I've seen examples of transforming a linear phase FIR into a minimum phase FIR, but is there a simple process to transform a minimum phase FIR into a linear phase FIR?

I would like to end up with a single FIR of linear phase. If the magnitude ends up being squared during the process (or the number of taps double), then that would be OK.

  • $\begingroup$ that is a tricky question! So the problem I have with your question is: You want to replace one filter (minimal phase, MP) with a different filter (linear phase, LP). So, per definition of "different", LP and MP can't be identical in every aspect. So what are the aspects of MP that you want LP to have? What are the things you don't care about? It might also be very worthwhile to explain why you want to do this, instead of e.g. designing the LP from scratch. $\endgroup$ – Marcus Müller Aug 19 '16 at 9:08
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    $\begingroup$ @Marcus Müller, I mentioned in my question I'd be happy if the magnitude gets squared. Matt's answer gives a solution where the magnitude gets squared which I kind of thought there would be way to do (so the question felt reasonable to me). The thing I cared about which I feel is implicit in the question is not redesigning anything. I wanted to know how to do it simply for the sake of knowing, need anyone have a better reason :-) $\endgroup$ – keith Aug 19 '16 at 13:03
  • $\begingroup$ reading this again, ... yes, you're right! $\endgroup$ – Marcus Müller Aug 19 '16 at 13:22
  • $\begingroup$ BTW, Keith, being that you're accepting squaring the frequency response magnitude, if you convolve your original $h[n]$ with the time-reversed copy $h[-n]$, you will get a symmetric impulse response (so it's phase linear) with frequency response that is the square of the magnitude of what you had started with. $\endgroup$ – robert bristow-johnson Aug 20 '16 at 20:23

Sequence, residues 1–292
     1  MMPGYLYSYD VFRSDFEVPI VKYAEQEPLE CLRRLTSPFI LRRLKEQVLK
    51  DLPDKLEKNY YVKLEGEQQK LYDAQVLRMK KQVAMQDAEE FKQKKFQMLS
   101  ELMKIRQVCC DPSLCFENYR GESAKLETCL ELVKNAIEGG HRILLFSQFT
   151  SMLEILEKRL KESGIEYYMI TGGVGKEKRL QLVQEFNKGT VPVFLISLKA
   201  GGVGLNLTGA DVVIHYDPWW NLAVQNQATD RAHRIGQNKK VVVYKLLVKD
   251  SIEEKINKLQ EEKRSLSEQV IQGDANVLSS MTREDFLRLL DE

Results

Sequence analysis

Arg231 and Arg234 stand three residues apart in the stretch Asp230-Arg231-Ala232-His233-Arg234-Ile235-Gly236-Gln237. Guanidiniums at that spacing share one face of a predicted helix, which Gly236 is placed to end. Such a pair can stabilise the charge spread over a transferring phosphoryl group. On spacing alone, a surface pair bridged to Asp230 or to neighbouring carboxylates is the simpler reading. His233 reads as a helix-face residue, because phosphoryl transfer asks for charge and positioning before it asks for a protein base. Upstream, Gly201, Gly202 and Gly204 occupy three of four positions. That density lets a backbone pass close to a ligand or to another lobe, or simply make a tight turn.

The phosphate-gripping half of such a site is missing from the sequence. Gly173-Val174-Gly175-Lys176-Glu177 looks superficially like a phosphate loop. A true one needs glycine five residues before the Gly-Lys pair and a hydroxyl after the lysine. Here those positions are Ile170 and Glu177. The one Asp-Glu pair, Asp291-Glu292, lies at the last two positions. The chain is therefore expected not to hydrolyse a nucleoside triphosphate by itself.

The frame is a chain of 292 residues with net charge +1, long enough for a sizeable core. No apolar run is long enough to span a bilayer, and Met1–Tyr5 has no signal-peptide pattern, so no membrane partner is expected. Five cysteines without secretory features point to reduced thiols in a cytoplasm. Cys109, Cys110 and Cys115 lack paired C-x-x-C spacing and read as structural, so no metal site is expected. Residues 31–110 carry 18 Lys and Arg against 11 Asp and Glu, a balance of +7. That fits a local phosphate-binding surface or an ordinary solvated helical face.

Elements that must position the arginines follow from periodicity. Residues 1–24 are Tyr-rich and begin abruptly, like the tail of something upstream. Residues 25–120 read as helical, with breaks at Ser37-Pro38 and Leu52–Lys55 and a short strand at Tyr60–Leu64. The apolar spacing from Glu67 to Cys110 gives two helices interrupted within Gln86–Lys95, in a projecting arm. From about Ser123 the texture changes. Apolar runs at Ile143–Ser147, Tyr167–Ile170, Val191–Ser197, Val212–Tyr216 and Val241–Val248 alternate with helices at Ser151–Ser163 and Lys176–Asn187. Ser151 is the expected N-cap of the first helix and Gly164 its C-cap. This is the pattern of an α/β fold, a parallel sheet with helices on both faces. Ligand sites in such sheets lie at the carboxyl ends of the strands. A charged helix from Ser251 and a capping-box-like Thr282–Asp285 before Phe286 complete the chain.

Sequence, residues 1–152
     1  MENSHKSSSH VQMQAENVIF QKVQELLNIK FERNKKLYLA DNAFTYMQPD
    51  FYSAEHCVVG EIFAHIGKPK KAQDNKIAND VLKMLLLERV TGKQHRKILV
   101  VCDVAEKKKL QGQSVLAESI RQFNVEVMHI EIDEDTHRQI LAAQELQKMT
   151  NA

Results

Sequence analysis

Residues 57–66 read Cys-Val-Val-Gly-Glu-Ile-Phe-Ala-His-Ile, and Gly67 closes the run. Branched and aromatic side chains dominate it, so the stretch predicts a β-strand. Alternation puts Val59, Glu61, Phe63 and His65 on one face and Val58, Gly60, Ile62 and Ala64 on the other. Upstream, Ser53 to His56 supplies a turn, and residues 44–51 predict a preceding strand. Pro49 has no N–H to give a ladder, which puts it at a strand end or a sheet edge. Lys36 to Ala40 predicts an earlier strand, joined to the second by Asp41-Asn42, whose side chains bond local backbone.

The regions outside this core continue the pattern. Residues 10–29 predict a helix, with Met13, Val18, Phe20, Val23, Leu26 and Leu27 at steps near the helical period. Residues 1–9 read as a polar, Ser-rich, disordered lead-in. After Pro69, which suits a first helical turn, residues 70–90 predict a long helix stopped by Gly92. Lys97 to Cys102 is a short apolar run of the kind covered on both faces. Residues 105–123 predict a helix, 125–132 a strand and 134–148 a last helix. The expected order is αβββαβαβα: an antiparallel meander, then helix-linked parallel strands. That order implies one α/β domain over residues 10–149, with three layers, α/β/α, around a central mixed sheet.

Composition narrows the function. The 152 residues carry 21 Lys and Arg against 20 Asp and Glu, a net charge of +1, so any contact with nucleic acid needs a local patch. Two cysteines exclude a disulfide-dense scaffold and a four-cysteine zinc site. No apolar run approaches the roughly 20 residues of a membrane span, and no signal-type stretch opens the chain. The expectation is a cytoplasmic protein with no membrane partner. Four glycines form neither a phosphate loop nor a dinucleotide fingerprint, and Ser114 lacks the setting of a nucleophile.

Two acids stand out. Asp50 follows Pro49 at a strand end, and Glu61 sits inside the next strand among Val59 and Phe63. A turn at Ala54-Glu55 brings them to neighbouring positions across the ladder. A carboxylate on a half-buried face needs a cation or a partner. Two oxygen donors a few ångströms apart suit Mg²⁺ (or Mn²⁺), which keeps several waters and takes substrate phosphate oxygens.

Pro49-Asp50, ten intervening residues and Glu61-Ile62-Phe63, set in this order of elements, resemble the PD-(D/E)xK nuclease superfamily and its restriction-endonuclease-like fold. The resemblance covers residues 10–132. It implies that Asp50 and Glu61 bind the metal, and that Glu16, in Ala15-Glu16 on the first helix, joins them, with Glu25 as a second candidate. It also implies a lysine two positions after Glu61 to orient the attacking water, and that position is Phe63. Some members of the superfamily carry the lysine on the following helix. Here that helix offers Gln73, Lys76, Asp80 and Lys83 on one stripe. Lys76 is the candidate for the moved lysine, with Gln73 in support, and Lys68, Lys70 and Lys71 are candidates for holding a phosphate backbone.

• $\begingroup$ @robert bristow-johnson, yep that's the way I had interpreted Matt's answer and is probably going to be the easiest to implement given h[n] are the FIR coefficients. $\endgroup$ – keith Aug 20 '16 at 21:00

It is generally impossible to transform a given minimum-phase FIR system into a linear phase FIR system with the same magnitude response. There is one special case for which this is possible, and that is if the zeros of the minimum phase system inside the unit circle haven even multiplicity. Because in that case you can, for each zero location, mirror half of the multiple zeros across the unit circle, which gives you a linear phase filter without changing the magnitude. But that's of course a quite artificial situation, so in general there's no way to obtain a linear phase filter from a minimum phase filter without changing the magnitude.

A way to transform a minimum-phase FIR system into a linear-phase FIR system with a squared magnitude is by simply doubling all zeros on the unit circle, and for each zero inside the unit circle adding a mirrored zero outside the unit circle. If $H(z)$ is a given $N^{th}$ order causal minimum-phase transfer function, the corresponding linear phase transfer function is given by


Note that the number of coefficients is (approximately) doubled and that


  • $\begingroup$ +1. It's alluded to in this answer, but I'll specifically point out that linear-phase filters have specific properties about where their zeros are located. If a LP filter has a zero at $z=z_0$, then it will also have them at $z=z_0^*$, $\frac{1}{z}$, and $\frac{1}{z^*}$. It's discussed on page 22 of these course notes. $\endgroup$ – Jason R Aug 19 '16 at 11:39
  • $\begingroup$ Thanks, inverting the zeros was the bit I was missing when trying to figure this out - doh! I mentioned in my question that I thought the magnitude would probably get squared, so you're answer is spot on for my purposes. $\endgroup$ – keith Aug 19 '16 at 12:57
  • $\begingroup$ @Jason R, thanks for the additional information. $\endgroup$ – keith Aug 19 '16 at 13:11
  • $\begingroup$ My comment above has some typos in it. It should be $\frac{1}{z_0}$ and $\frac{1}{z_0^*}$. $\endgroup$ – Jason R Aug 19 '16 at 13:15
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    $\begingroup$ @robertbristow-johnson: Try it and look at both frequency responses on a DFT grid with $10L$ points! (in short: it doesn't work). Of course the two impulse response have the same magnitude response on the grid of $L$ points, but in between those points the difference can be arbitrary. So you obviously get a linear phase FIR filter, but the magnitude response is different from the original filter (and larger FFT lengths via zero padding won't help either; it's like high-order polynomial interpolation of a smooth function, the polynomial will never approximate the function). $\endgroup$ – Matt L. Aug 20 '16 at 19:30

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